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Liquid democracy

Liquid democracy

A system of governance that combines direct and representative voting.

Liquid democracy, also called "delegative democracy", is a model for democratic consensus that combines both direct voting with personally-designated proxy voting.

Participants preselect designated representatives, called "delegates". These can be changed at any time. Then, whenever an issue comes up for a vote, each individual has the choice to vote directly. But if they don't vote directly — because they don't have the time, feel qualified, or any other reason — their delegate gets an extra vote on their behalf.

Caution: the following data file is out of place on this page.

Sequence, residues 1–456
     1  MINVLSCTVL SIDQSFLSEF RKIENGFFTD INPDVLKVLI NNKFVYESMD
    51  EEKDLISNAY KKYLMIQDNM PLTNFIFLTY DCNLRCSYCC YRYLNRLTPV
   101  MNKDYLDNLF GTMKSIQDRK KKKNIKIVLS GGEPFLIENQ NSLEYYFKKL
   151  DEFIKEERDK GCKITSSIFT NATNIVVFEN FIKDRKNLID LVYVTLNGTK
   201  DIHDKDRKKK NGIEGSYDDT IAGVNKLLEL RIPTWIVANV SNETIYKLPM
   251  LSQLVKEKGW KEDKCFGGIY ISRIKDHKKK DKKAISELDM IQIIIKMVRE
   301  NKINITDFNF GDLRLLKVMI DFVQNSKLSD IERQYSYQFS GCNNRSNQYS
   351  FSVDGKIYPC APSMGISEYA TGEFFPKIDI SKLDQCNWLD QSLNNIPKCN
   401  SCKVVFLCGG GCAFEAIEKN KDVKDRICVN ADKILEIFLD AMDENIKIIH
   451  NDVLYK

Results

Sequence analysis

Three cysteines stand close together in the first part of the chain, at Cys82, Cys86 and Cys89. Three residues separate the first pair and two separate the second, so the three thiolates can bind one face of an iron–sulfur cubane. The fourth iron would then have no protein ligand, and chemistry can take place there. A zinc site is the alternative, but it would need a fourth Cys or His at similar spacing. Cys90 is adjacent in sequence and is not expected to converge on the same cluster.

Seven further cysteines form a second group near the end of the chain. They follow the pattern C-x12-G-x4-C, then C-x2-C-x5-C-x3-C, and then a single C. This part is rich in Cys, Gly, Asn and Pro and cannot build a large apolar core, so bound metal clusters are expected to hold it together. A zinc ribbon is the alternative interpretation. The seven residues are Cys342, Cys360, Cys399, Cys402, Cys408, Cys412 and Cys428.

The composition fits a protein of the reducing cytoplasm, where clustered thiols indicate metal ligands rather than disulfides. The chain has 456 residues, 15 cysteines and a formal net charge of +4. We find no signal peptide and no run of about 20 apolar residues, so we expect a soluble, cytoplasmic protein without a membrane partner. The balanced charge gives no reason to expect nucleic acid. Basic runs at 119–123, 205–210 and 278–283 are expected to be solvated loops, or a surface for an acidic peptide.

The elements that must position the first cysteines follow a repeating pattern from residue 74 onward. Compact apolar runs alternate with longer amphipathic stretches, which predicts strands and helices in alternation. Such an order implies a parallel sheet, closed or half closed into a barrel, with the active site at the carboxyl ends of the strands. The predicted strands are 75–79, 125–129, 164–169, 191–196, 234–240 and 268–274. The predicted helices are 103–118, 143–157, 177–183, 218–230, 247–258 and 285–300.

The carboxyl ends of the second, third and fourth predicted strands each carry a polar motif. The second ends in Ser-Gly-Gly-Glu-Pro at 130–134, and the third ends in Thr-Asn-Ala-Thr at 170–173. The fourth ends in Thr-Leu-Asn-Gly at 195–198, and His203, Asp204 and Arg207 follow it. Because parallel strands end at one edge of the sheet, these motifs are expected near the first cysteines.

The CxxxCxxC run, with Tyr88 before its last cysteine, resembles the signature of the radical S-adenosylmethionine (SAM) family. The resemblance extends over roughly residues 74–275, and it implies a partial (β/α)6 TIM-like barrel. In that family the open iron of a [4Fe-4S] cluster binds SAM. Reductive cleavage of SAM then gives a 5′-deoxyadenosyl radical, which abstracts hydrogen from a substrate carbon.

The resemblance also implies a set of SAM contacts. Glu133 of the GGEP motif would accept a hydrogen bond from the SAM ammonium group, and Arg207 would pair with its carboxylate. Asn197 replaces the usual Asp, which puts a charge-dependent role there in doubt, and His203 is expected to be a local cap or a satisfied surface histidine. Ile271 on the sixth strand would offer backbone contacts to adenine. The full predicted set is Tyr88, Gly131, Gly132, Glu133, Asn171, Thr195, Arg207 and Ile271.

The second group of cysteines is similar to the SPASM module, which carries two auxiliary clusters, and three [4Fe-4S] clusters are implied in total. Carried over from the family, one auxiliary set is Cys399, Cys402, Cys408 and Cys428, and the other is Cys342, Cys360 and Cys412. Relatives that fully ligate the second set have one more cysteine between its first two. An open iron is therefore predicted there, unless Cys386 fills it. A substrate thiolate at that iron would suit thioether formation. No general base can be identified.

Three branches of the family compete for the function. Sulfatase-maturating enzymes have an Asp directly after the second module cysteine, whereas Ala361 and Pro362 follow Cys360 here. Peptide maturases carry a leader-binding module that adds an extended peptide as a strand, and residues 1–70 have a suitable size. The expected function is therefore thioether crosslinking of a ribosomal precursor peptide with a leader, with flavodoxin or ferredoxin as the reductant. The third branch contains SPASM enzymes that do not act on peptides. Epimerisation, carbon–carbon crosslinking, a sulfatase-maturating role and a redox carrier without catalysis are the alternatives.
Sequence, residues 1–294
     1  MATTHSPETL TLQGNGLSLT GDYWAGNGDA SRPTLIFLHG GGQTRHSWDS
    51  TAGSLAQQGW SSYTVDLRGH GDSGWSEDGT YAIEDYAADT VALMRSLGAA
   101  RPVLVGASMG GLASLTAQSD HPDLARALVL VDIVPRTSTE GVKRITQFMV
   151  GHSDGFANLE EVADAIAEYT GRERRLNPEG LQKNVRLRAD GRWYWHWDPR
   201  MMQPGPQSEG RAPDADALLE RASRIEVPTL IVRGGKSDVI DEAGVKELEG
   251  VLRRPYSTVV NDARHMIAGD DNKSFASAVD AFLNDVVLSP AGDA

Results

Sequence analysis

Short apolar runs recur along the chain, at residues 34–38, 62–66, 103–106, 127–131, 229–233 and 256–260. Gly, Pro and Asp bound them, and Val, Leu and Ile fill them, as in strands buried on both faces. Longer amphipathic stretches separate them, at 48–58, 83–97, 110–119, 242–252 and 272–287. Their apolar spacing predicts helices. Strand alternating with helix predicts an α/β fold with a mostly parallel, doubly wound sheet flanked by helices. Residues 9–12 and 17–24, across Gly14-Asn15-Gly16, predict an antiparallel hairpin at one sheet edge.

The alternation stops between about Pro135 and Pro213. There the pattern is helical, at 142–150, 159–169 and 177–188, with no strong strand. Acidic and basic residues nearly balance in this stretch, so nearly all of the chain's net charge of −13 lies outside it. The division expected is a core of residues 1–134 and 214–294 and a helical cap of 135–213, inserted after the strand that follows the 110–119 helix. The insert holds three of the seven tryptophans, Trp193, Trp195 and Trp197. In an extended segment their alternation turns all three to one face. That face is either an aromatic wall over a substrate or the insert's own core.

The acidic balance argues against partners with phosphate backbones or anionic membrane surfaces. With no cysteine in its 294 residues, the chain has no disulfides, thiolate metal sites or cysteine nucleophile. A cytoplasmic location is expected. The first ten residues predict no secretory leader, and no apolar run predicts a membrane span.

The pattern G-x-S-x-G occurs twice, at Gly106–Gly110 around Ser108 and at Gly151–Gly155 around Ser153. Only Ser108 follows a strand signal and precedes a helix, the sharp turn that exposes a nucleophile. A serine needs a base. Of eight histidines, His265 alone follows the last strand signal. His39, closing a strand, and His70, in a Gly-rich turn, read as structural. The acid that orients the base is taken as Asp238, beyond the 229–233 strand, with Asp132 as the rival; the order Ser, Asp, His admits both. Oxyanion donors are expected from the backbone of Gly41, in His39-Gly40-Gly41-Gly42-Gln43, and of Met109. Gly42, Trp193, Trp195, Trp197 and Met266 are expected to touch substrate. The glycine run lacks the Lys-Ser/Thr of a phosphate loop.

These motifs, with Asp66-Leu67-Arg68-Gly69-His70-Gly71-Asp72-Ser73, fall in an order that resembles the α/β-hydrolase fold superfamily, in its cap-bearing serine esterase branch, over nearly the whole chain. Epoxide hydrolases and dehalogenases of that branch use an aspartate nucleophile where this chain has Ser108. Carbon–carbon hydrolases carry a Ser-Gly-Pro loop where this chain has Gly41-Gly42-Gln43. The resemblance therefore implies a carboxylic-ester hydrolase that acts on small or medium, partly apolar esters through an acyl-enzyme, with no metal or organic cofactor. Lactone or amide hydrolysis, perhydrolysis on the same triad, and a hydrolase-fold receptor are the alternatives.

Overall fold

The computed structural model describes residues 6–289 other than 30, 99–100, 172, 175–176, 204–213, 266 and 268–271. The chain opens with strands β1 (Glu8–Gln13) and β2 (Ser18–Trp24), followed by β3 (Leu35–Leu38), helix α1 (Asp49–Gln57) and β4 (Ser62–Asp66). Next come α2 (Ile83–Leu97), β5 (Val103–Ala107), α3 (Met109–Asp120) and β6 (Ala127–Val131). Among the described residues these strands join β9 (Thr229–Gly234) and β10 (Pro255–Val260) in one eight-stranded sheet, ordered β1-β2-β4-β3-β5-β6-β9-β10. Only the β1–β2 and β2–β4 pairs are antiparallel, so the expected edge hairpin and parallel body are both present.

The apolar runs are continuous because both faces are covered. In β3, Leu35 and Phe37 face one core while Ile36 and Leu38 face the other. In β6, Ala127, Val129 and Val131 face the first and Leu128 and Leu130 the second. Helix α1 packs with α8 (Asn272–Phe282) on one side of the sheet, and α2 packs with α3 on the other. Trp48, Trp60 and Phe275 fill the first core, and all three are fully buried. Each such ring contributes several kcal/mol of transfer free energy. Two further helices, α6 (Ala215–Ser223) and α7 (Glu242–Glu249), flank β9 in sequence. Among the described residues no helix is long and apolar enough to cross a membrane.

These additional votes can be passed transitively. Thus, if 5 people delegate to Alice, who's delegated to Bob, and neither Bob nor his 5 constituents choose to vote, Alice could vote for all 7 of them.

This system has the property that it can recreate the expert-driven ideal of elected representative democracy, while simultaneously allowing direct participation for individuals that want to be more involved.

Timeline

Further Resources

Title
Author
Link
Type
Date

 Delegative Democracy

Bryan Ford

Academic paper

Google Votes: A Liquid Democracy Experimenton a Corporate Social Network

Steve Hardt, Lia C. R. Lopes

Academic paper

Liquid Democracy In Simple Terms

Web

November 18, 2012

Liquid Democracy with Google Votes

March 12, 2014

Liquid Democracy with Santiago Siri

Apr 1, 2017

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